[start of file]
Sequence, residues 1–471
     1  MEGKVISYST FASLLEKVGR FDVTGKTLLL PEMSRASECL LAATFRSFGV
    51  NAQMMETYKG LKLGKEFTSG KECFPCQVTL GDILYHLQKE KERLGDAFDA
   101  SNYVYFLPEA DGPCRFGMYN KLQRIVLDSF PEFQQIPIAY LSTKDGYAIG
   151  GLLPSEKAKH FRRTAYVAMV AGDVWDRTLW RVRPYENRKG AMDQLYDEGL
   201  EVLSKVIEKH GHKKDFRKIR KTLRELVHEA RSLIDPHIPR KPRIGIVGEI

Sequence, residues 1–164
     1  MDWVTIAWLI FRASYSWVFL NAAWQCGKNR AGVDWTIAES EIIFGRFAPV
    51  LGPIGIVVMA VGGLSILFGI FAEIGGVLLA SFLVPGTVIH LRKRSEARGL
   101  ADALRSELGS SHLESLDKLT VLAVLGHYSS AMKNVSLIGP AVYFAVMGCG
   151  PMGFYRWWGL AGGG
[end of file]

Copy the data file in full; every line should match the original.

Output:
Sequence, residues 1–471
     1  MEGKVISYST FASLLEKVGR FDVTGKTLLL PEMSRASECL LAATFRSFGV
    51  NAQMMETYKG LKLGKEFTSG KECFPCQVTL GDILYHLQKE KERLGDAFDA
   101  SNYVYFLPEA DGPCRFGMYN KLQRIVLDSF PEFQQIPIAY LSTKDGYAIG
   151  GLLPSEKAKH FRRTAYVAMV AGDVWDRTLW RVRPYENRKG AMDQLYDEGL
   201  EVLSKVIEKH GHKKDFRKIR KTLRELVHEA RSLIDPHIPR KPRIGIVGEI

Sequence, residues 1–164
     1  MDWVTIAWLI FRASYSWVFL NAAWQCGKNR AGVDWTIAES EIIFGRFAPV
    51  LGPIGIVVMA VGGLSILFGI FAEIGGVLLA SFLVPGTVIH LRKRSEARGL
   101  ADALRSELGS SHLESLDKLT VLAVLGHYSS AMKNVSLIGP AVYFAVMGCG
   151  PMGFYRWWGL AGGG